Quick Chickpea Curry

(This column is posted at www.StevenSavage.com and Steve’s Tumblr.  Find out more at my newsletter.)

Everyone, my newsletter readers liked the idea that I’d post recipes now and then. We creatives get awful busy, so knowing how to make good, fast, nutritious food is important. So I’ll do this every now and then.

This one is a fast curry that you can throw on rice or polenta and just eat right away. Serve with a good spinach or kale salad for a full meal!

2 servings.

  • 1 ½ cups diced tomatoes (one 14.5 oz can drained, or 2-3 tomatoes)
  • ¼ tsp Chinese 5 spice powder
  • 1 Tbsp soy sauce
  • 1 tsp black pepper
  • 1 tsp onion powder
  • 3 tsp crushed garlic (3 cloves)
  • 1 ½ tsp curry powder (use S&B)
  • 1 ½ cups cooked chickpeas (one 14.5 oz can drained)
  1. Mix all but chickpeas. Microwave on high for one minute.
  2. Stir. Microwave on high for one minute.
  3. Mash tomatoes with fork. Add chickpeas
  4. Microwave for one minute.
  5. Serve

May want to substitute other peppers like chipotle or ancho for black pepper.

If you want to work greens in, put about 10-16 oz of spinach in the bowl first with just a bit of water, and microwave a minute or two so it wilts. Then add the rest of the ingredients. On top of rice you’ve got two veggies, one grain, and your proteins!

Steven Savage

Make It So: Spreading Indie Works

(This column is posted at www.StevenSavage.com and Steve’s Tumblr.  Find out more at my newsletter.)

As an author, I believe in spreading the word about my fellow indie authors. I’ve been thinking about how to do this, how we can support each other in different ways to get the word out. I wanted to go beyond the usual blog tours and shared podcasts.

To that end I’ve put together a few thoughts.

Library Blitz: Libraries take book donations. Now and then I donate my books among others to libraries for stock or sale. So let’s donate the books of other indie authors to our local libraries.

Newsletter Swap: Use SurveyMonkey to find who on your newsletter would like to subscribe to the newsletters of other authors you know and get the word out.

Newsletter Plus: Could indie authors of a similar bent (location, etc.) combine to do one newsletter to share the word? Thinking that could help.

Shared Tables: A lot of us would get tables at conventions and events but we’re busy, tired, speaking, or wearing 50 pounds of cosplay. So why not gather together and have a table among authors? Ten people together could man a table for a large con effectively.

Giveaways of Others: We do book giveaways often. What if now and then you gave away work of your fellow indie authors?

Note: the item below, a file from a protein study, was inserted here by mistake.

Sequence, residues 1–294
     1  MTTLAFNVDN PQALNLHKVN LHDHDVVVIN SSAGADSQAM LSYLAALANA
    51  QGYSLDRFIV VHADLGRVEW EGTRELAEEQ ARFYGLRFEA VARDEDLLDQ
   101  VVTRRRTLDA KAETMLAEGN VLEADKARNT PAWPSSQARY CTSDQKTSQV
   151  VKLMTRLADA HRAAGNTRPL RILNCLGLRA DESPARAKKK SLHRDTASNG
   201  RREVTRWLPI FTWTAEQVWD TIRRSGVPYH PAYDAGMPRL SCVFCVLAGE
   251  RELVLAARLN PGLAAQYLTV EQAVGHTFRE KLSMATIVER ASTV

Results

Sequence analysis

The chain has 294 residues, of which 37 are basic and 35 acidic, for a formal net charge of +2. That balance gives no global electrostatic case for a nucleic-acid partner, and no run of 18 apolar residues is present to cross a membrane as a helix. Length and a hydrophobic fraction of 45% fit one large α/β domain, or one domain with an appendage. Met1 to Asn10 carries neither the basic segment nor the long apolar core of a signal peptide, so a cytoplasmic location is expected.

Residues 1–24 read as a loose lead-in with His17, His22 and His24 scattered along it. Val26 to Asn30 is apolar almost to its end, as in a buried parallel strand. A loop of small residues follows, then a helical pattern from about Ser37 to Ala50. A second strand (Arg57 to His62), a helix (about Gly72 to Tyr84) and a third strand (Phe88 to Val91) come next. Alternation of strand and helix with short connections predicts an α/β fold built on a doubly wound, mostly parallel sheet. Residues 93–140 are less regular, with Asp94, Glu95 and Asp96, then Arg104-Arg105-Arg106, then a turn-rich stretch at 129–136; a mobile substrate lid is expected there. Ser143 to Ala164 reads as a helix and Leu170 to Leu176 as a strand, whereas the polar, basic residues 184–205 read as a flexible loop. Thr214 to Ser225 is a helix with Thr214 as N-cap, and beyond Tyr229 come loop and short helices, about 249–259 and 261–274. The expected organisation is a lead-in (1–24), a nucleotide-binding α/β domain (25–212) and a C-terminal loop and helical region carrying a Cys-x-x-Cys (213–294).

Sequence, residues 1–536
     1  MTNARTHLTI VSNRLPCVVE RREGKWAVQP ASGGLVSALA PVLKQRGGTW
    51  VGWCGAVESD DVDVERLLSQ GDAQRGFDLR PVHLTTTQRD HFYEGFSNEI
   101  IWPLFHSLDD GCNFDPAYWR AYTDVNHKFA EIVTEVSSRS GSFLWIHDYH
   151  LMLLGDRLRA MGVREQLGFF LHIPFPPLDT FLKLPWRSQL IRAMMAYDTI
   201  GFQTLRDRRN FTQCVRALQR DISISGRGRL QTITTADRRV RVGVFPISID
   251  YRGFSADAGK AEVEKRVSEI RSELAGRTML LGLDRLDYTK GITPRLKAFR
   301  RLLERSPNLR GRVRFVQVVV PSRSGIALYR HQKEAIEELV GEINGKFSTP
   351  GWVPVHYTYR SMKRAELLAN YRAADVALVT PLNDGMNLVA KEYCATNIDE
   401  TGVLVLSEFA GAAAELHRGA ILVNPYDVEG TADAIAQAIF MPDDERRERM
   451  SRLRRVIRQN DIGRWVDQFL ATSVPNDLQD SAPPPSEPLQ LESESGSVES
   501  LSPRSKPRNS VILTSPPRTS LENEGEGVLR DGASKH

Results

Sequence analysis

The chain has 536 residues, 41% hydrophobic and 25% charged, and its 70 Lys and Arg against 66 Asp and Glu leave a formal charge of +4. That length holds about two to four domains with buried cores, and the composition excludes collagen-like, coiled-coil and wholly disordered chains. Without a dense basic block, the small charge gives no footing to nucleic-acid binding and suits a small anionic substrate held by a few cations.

Promo Together: If you have enough people do book promos, such as the ones at Prolific Words, where you can promo with a theme and cross promote tightly.

Write Together: I’ve done a few books where authors collaborated together, usually by contributing specific essays. It’s a bit of effort, but it’s a fun cross-promotional.

Little Free Friends: As noted before, why not stock other’s indie books at Little Free Libraries (within reason).

Advice Giveaways: If you’re doing panels and there are fellow indies that do advice books that are relevant, share them as prizes!

I hope that gives you a few ideas! I’m also looking for any suggestions to add!

Steven Savage

Real Fun Is Subversive

(This column is posted at www.StevenSavage.com and Steve’s Tumblr.  Find out more at my newsletter.)

Real fun is subversive.

I’m not talking fun that offends. Offense isn’t subversive. Fun that offends is trapped by its need to offend, lacking the sense of sheer joy unbound that healthy fun has.

I’m not talking fun that is a “guilty pleasure.” A guilty pleasure requires you to have something to feel bad about – then not feel bad about. Guilty pleasures aren’t subversive, the very name suggests they’re less guilty, more pleasure

I’m not talking about doing the “big thing.” You may enjoy that, but also you might just be following along with the crowd, having fun because you have to. “Required fun,” as joyful as it is, still jabs you with that razor edge of control from outside.

I’m talking fun that’s just . . . fun. Sheer joy of something, the happiness in being there and enjoying yourself. It’s a kind of connection and expression that’s just being you. That’s incredibly subversive.

When you have fun you’re just being yourself, experiencing joy, doing what you like, living. It’s almost a meditative experience if you pay attention – fun is when you’re you. You just might be having too much of a good time to notice it.

Think about it. For the moment you’re truly having a good time, that one moment you’re you. You’re not what people told you you are – or told you you’re not. You might rebel against constraints of society by being the real you – or perhaps in joy discover social connections that real mean something.

Fun isn’t just subversive against society’s pathologies. Maybe your social ties and society are fine – but fun helps you discover yourself. Bad habits and unhelpful attitudes can vanish when you experience joy, in those moments you’re in touch with yourself. You might be bad at being yourself – fun can help you discover it.

Finally when one is enjoying themselves, you can find new ideas and inspiration. You’re open to experiences – or perhaps the kind of fun that limits your experiences so you’re thinking clearly is what you need. These are moments where you can become something better by being yourself, enjoying – and seeing what evolves.

This is one reason fun, joy, entertainment, is so valuable – when done in a healthy manner. Its moment of being oneself, a moment of clarity, and a moment of safety. In those moments we’re us.